This time around the Marx Brothers play detective in this fun romp that has several wonderfully comic scenes.

Murder at the Vanities (1934)
The film cuts between a murder investigation backstage at a theatre which is rather entertaining and the on stage musical numbers that are obviously inspired by the Ziegfeld follies and surprisingly racy.

San Diego I Love You (1944)
This funny movie about an amateur inventor and his slightly overzealous daughter and their move to San Diego to get funding for one of his inventions is highlighted by a wonderful cameo by Buster Keaton (in which he actually smiles!).

Cavalcade (1933)
Much like Cimarron (1931) and Giant (1956), Cavalcade tries to tell the story of a geographical region through the lens of one family, and just like the former two films, ends up being tedious and far too long (though there were two very memorable moments).

Angels with Dirty Faces (1938)
James Cagney defines charismatic evil as a gangster just released from prison who becomes an idol for a group of neighborhood kids, much to the chagrin of his childhood friend and local priest.

Beach Blanket Bingo (1965)
This is a little less dumb than How to Stuff a Wild Bikini (1965) and Buster Keaton’s supporting role is actually funny this time around, taking advantage of his talent for physical comedy instead of ignoring them.

The Scarlet Pimpernel (1982)
The scenes with Percy as the Pimpernel and as the upper class twit are both loads of fun, but the rest of the movie drags and could have benefitted from losing half an hour or more of run time.

Coming up next: television translated to the big screen and an unorthodox musical.

Saturday, December 12, 2009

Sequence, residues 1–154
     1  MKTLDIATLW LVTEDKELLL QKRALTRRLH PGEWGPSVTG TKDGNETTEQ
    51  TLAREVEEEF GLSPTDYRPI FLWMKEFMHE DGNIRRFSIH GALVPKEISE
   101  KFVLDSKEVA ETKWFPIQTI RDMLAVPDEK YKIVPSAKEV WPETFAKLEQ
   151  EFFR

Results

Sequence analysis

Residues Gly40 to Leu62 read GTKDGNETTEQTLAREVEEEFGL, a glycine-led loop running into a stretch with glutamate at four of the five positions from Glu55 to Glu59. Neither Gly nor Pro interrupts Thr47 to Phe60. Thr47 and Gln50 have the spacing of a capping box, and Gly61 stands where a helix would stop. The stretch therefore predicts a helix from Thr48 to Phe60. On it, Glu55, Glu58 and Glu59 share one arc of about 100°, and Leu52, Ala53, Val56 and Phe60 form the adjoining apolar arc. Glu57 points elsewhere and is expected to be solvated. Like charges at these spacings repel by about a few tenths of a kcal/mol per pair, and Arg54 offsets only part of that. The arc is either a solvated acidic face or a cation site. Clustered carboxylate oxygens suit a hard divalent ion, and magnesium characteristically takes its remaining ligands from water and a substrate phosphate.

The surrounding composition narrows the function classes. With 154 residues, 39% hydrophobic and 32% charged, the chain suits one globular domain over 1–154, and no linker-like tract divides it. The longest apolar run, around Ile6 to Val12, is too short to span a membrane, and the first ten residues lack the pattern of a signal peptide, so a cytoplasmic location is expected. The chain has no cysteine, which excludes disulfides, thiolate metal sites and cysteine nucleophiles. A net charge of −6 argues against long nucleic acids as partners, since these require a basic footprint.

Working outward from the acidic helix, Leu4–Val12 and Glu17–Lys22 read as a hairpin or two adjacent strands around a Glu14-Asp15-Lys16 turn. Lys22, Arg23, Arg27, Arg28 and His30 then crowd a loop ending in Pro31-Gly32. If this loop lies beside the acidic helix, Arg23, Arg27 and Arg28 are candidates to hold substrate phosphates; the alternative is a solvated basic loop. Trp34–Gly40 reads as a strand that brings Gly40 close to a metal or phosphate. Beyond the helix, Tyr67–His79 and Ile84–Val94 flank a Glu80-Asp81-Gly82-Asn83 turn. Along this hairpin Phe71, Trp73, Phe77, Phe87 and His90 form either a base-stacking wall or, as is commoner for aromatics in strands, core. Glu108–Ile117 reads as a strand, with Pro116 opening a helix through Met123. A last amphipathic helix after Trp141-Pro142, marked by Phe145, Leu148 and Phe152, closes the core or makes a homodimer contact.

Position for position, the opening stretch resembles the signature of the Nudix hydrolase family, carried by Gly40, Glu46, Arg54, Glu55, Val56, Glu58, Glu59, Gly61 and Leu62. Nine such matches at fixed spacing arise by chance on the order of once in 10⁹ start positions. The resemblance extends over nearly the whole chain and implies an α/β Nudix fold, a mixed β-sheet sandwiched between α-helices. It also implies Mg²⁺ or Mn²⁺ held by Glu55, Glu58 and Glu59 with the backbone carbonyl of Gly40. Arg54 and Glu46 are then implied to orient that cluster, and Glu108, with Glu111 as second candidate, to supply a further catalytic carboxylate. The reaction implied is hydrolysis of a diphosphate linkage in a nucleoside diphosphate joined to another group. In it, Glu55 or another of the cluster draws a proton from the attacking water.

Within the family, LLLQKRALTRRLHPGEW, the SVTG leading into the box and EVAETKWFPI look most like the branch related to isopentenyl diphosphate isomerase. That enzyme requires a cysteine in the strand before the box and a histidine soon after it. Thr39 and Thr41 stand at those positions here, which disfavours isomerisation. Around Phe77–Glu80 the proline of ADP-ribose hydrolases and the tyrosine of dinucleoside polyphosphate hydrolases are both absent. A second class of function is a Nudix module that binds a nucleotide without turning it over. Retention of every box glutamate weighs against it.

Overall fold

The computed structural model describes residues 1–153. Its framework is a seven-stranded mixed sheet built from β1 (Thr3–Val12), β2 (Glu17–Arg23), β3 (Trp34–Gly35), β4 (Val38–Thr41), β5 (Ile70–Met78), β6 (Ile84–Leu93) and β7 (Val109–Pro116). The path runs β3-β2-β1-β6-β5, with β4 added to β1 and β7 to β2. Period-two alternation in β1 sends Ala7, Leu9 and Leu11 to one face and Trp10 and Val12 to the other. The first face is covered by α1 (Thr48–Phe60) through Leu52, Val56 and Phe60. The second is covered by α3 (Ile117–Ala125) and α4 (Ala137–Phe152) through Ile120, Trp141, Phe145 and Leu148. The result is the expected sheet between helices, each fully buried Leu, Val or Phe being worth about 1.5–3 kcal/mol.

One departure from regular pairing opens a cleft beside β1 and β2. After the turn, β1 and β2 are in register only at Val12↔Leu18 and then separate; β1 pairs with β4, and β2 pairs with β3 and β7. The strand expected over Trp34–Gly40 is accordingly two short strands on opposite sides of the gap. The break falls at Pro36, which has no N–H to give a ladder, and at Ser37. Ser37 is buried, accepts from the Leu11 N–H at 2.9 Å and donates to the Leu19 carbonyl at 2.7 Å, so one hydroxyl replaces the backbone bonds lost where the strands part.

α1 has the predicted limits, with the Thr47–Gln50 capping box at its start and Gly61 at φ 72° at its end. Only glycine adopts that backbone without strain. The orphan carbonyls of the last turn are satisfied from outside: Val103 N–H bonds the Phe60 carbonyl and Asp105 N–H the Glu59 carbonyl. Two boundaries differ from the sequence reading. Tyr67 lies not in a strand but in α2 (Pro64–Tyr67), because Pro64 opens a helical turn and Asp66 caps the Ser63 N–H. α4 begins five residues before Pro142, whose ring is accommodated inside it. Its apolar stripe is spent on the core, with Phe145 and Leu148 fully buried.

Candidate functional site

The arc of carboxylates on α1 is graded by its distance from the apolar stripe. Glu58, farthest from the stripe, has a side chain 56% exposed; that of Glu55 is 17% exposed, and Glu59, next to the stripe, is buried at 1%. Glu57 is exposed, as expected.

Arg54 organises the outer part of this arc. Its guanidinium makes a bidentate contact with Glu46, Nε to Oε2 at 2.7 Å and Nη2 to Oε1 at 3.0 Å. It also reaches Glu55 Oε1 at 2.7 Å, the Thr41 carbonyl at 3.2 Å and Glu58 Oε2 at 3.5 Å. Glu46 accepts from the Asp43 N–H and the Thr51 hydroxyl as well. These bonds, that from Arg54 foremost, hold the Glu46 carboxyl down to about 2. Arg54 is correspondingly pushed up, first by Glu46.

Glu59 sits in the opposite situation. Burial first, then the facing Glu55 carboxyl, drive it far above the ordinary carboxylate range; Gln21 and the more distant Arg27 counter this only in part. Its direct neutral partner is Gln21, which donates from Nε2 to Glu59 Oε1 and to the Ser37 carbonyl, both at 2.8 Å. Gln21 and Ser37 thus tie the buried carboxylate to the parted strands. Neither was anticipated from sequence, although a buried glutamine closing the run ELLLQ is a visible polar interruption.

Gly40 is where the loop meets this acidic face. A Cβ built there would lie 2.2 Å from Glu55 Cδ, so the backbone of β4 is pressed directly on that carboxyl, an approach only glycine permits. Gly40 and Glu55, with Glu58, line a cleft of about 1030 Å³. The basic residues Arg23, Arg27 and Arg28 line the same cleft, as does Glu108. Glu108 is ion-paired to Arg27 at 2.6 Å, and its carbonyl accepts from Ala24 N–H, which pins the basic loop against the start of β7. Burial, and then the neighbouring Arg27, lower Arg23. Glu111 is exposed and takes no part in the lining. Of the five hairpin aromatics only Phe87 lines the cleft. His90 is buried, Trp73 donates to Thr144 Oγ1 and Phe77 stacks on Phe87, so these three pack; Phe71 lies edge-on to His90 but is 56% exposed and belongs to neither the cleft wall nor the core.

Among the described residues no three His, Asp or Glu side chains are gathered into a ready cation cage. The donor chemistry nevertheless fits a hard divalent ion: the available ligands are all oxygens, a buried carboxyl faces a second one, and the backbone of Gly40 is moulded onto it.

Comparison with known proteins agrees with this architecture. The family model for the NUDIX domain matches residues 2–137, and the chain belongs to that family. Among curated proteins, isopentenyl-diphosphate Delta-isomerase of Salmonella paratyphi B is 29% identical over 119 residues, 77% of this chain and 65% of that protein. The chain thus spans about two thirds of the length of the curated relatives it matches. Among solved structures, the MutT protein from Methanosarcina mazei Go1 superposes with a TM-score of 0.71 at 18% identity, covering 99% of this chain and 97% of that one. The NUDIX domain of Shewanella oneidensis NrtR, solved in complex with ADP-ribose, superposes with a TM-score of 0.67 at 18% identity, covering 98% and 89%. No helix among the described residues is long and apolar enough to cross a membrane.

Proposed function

My 2009 Movie Odyssey - Part XVI

Okay, so I'm way behind on my movie odyssey posting. So in the interest of catching up so this doesn't drag too far into 2010, I'm switching to 10 per post instead of my normal 5. Enjoy.

Up (2009)
This is a wonderful tale about friendship and adventure found in unexpected places, full of emotional highs and lows, and even when something happened exactly as I predicted, it still provoked an emotional response.

Das Experiment (2001)
This is a grim tale about a psychology experiment in which volunteers play the roles of prison guards and inmates that gets out of hand and was inspired by an actual experiment.

Sleuth (2007)
This remake took almost everything that was visually interesting from the original and threw it out the window along with most of the compelling elements of the plot and replaced them with a visually boring set, copious amounts of profanity, and a homoerotic ending that came completely out of nowhere and made absolutely no sense.

The Brothers Bloom (2008)
This con man romp from the director of Brick (2005) is a lot of fun with several interesting characters including Bang Bang, a cute explosives expert who never bothers to talk.

Ace in the Hole (1951)
This heartbreaking indictment of sensationalist journalism features an excellent performance by Kirk Douglas who stars as newspaper reporter who manufactures a human interest story that captures the imagination of the nation, and then does whatever he can to make the publicity wave last as long as possible, no matter what happens to anyone else.

Wings (1927)
I really wanted to like this film that was the first winner of the Best Picture Oscar, but the aerial dogfights were not very thrilling and an overlong sequence where one hotshot pilot gets drunk for the first time grew tedious very quickly.

Mr. Hulot’s Holiday (1953)
This charming, quiet comedy is almost a silent film and is full of memorable characters and amusing recurring jokes that force the audience to pay attention since so many of them are very subtle.

The Passion of Joan of Arc (1928)